Repeal Missouri's 85%

Help Get Rid of The 85%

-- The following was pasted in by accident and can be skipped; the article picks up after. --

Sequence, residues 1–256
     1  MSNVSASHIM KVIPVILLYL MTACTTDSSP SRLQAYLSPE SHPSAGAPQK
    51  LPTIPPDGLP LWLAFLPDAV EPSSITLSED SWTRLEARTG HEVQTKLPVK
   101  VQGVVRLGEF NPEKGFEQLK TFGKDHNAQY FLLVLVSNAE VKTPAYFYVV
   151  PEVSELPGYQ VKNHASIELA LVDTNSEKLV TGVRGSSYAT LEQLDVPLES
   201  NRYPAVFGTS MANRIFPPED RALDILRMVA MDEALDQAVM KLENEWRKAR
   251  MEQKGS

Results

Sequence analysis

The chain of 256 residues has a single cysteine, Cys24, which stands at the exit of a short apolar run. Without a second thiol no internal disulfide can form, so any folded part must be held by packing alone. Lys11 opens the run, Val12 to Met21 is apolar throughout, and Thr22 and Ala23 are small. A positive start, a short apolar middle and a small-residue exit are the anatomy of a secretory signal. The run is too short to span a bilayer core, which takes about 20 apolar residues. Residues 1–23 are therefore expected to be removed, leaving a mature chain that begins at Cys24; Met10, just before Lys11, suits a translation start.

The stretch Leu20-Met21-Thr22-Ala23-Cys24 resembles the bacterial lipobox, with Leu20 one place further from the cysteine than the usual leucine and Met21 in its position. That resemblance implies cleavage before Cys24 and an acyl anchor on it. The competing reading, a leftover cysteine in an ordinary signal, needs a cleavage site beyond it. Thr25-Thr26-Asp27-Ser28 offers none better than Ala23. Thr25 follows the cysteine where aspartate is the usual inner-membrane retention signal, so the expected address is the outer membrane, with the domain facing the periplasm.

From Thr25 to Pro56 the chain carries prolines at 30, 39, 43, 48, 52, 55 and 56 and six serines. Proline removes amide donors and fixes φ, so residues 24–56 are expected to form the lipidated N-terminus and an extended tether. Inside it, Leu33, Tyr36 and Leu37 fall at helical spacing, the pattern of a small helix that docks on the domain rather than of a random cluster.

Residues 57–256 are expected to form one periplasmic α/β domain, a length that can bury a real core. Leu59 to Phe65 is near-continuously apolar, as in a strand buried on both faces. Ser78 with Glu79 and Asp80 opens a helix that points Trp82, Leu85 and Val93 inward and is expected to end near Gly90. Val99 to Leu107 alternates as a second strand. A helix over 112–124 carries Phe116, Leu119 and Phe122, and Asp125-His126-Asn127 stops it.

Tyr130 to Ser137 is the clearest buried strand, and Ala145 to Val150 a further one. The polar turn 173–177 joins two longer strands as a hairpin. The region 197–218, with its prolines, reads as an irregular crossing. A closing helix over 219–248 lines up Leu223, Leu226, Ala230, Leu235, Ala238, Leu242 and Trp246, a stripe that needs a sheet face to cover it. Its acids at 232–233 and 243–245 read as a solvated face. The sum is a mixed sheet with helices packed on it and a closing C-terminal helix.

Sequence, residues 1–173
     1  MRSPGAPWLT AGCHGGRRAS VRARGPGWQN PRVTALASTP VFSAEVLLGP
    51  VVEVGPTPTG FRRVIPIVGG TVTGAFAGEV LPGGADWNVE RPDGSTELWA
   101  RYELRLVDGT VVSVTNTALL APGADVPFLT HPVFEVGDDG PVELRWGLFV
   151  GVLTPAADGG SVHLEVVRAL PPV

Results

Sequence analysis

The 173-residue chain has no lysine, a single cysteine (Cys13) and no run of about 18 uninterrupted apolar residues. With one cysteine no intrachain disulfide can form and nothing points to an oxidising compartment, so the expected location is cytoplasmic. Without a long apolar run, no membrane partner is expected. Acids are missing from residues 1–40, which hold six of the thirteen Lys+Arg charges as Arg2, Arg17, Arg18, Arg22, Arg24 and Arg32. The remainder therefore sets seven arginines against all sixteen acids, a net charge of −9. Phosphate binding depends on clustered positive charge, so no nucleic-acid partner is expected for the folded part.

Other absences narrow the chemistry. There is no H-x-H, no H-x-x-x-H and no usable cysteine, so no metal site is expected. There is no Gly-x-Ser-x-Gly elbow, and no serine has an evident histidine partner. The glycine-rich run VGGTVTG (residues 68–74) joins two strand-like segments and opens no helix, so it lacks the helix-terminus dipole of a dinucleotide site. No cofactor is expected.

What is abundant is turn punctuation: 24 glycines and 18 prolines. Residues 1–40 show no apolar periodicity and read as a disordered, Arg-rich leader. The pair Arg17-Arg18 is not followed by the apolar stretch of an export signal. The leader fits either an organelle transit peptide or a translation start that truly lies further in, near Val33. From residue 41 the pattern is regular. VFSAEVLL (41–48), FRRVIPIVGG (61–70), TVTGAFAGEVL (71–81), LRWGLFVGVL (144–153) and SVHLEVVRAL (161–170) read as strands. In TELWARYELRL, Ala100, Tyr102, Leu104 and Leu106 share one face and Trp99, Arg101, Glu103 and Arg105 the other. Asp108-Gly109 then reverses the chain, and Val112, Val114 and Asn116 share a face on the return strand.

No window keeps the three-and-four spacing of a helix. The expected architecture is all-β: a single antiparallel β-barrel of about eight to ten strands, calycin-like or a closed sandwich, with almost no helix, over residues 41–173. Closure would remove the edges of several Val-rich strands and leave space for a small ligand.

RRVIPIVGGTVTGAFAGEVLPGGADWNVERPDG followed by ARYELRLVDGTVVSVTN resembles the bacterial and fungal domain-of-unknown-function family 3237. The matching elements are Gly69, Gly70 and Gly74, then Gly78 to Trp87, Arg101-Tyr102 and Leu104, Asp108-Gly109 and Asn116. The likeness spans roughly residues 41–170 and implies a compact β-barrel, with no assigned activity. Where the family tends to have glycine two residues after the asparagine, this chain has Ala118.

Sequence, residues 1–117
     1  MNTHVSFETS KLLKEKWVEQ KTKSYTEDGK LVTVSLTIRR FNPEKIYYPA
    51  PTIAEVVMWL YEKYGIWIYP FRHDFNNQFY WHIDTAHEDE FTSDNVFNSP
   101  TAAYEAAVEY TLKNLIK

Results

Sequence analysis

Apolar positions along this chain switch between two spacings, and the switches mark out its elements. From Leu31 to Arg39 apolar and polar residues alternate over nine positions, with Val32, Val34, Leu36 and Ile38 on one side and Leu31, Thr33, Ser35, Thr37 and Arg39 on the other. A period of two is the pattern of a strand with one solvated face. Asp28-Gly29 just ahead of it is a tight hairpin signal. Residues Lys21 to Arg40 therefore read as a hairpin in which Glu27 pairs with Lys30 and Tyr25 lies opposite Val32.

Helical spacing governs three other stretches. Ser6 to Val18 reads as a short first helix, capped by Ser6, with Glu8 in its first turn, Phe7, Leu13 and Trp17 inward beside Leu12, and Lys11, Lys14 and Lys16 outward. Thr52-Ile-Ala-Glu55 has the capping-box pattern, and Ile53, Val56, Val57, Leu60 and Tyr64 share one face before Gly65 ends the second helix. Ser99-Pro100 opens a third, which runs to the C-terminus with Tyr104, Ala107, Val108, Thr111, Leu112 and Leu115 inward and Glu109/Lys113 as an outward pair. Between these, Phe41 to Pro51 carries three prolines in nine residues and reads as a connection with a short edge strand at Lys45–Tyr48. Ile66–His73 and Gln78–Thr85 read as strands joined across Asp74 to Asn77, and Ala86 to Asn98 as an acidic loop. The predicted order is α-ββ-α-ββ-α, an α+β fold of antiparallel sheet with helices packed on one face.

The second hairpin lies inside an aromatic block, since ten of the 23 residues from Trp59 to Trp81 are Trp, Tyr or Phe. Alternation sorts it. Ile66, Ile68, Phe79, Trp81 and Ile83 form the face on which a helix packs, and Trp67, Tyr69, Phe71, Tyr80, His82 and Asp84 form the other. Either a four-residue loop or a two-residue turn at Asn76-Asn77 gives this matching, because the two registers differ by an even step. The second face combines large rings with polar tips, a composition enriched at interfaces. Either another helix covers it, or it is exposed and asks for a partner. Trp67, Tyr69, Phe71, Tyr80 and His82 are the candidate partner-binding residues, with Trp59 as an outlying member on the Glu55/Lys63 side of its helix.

Please take a moment to read this memo written in an attempt to shed light upon the minimum mandatory sentencing requirement implemented in the state of Missouri. This mandates all offenders convicted of violent crimes; adolescent first-timer or season career criminal, serve at least eighty-five percent of their sentences before eligibility of parole or release is obtained. Because of the vast increases of Missouri's prison population each year, and the overwhelming majority of prison populations nationwide are disproportionately composed of black males, we are soliciting the help of the public. It is imperative that the community is made aware of the extent to which the 85% mandate has failed in its alleged attempt to mitigate the commission of violent crimes. We must begin taking the steps necessary to bring about its dismissal. Although incarceration is among life's most debilitating tribulations, its affects are not restricted to the imprisoned. Prison is a life altering experience that prisoners share with their families and friends alike. Attempts to improve quality of life made by prisoners returning to society after lengthy prison terms are often met with vehement resistance. However, so often is the case that members of society are deceived into the belief that all is lost and nothing can be done once the gavel drops. No wonder recidivism rates are so high. Contrary to popular belief, prisons are not built to correct or rehabilitate the behaviors of criminals. Prisons are more likely to succeed in dismantling family structures while inflicting prisoners with often irreparable psychological and physical illnesses. The untold truth is that prisons are a multibillion dollar industry rendered even more profitable by legislative promotion like the 85% ordinance. Perhaps the most relevant piece of information I would like to impart in this message is that in the past three years, proposed legislative bills to overturn the 85% law were presented, and each time the proposals came up short by fewer than five votes. The majority of the public was unaware of the fact that they could vote. Your votes and the support for your incarcerated family members by making calls, writing letters, and asking questions play a significant role in bringing about changes in state and federal legislations. Nonetheless, it is my fervent hope that the aforementioned sentiments have been enough to raise the levels of awareness of a political issue critical to so many who are laboring in the efforts of rehabilitating themselves. Support those who yearn to make amends for the wrong they have committed in society, a feat only possible if given the opportunity to make an exodus from prison and return to it sooner rather than later. If for any reason we have fallen short of spurring you into action, let the historic election of Barack Obama, to the once presumed unattainable position of President, serve as a testament to the fact that a collective effort can bring about change, and that anything is possible.
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